Blocky letters fade in and out as the camera pans through a dense South American landscape, revealing a caravan of three with eyes flickering with desperation — all except one. Our titular character clad in shades of brown topped with an iconic fedora and whip stands calm.
He wasn’t just cool; he was cooler than the fastest kid in a second-grade class; cooler than James Dean in “Rebel Without a Cause” — he was Indiana Jones.
I was hooked right off the bat, my eyes glued to the screen for the complete hour and 55 minute runtime. That’s a long time, especially for a five year-old.
“Indiana Jones: Raiders of The Lost Ark,” a 1981 film by Steven Spielberg, is the perfect adventure movie — the best in all of time.
So, you’re probably saying to yourself, “Dylan, have you lost your mind? You’re forgetting about “Journey 2: The Mysterious Island,” the 2012 epic starring Dwayne ‘The Rock’ Johnson, John Hutcherson and Vanessa Hudgens!”
Don’t fret, worried readers, that is number two on the list.
“Raiders of The Lost Ark” was the first released of four Indiana Jones films, but chronologically, the second film. The plot centers around the ark of the covenant and Indiana Jones trying to get it before the Nazis can because “it belongs in a museum.”
This movie has the second-best opening scene of all time, the first being my favorite film, Inglourious Basterds, which may sound subpar, but on a list of 623 films that I have seen in the last five or so years, that’s pretty good. In this scene alone, there are at least three notably iconic moments that have been repeatedly referenced in all forms of media: the classic sandbag switch, followed by Indiana Jones grabbing his hat at the last second and the most infamous of these story beats, when Indiana Jones runs from a massive boulder. As a child, this has always marveled me and still does to this day.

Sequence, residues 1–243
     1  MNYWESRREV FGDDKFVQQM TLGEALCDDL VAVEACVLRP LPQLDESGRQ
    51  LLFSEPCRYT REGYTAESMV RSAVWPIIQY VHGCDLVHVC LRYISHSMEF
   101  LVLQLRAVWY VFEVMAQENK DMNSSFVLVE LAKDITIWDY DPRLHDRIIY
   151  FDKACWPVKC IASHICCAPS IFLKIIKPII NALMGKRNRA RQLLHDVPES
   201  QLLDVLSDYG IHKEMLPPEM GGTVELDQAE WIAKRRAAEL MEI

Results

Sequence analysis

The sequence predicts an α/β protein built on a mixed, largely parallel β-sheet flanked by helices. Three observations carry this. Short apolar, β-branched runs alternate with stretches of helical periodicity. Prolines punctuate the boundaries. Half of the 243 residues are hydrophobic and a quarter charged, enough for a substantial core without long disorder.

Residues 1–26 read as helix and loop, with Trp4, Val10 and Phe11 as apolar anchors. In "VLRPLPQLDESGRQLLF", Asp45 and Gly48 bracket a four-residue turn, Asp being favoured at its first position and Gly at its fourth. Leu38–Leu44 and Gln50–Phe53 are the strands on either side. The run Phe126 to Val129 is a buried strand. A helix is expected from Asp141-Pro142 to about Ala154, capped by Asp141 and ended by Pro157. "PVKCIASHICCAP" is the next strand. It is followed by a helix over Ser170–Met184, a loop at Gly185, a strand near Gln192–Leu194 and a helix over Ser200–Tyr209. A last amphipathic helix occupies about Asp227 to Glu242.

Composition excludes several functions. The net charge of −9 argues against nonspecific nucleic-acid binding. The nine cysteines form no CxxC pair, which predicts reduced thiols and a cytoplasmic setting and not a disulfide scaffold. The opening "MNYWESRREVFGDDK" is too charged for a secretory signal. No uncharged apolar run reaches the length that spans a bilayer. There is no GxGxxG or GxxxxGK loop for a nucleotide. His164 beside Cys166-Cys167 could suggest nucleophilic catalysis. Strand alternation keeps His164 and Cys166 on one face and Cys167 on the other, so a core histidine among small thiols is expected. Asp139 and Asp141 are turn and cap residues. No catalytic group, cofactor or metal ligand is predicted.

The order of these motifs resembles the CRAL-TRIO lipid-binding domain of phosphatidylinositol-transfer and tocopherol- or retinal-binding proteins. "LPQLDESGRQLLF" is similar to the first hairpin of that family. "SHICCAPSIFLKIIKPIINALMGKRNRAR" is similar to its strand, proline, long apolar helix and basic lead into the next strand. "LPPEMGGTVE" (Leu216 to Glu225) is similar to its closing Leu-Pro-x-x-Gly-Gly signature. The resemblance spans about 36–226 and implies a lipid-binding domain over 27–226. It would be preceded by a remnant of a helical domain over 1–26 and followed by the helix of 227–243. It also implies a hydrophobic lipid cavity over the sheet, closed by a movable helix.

The movie is not presented as a joke but as a thrilling adventure. Seriousness cloaks the movie in a shadow of realism. This allows for large stunts to seem real.
However, there are many fantastical elements that keep the movie fun and lighthearted. For example, the boulder chase is obviously unrealistic, yet still amusing.
As I watched this movie again and again as a child, I formed a deep connection with Indiana Jones.
At the climactic finish of the film, Indiana Jones must close his eyes, something the Nazis can’t seem to figure out, to escape death from the ark of the covenant. Every time I got to this scene, instead of actually watching what happened, I would always close my eyes like I was also part of the adventure, opening them when the music stopped, indicating the scene had concluded. Sure, it’s not unusual for a kid to get too involved when watching a movie, but I really felt like I knew this character and had to get involved.
To top it all off, John Williams composed the score, creating a musical masterpiece that you could listen to for hours on repeat — well at least I could. The main theme was always a favorite of mine, setting the mood for the entire movie in just a few good measures. No travel transition comes even remotely close to the plane animation in this movie, especially when set to the main theme.
The film also does a fantastic job making its villains easy to hate, and by hate, it’s in a good way. Casting the Nazis as the bad guys is a perfect choice due to their ability to lack any backstory yet still be blatantly terrible. Also, this movie makes them seem reasonably scary — especially at 5 years old — casting dark shadows on all their faces. This film takes place in 1936, making the choice of Nazis even better due to their state of power. They still are obviously formidable but aren’t yet the enemy in the second world war. This helps ground the film because even Indiana Jones can’t fight all of the Nazi’s at the height of World War II.
If you haven’t seen this absolutely outstanding, stand-out-of-your-chair-and-clap-when-it-ends, masterclass in the art of cinema, then you need to immediately. I still watch this movie with the exact same amount of joy that I did over a decade ago and will continue for many years to come.
— By Dylan Margolis
Originally published in the Feb. 2 edition of the Octagon.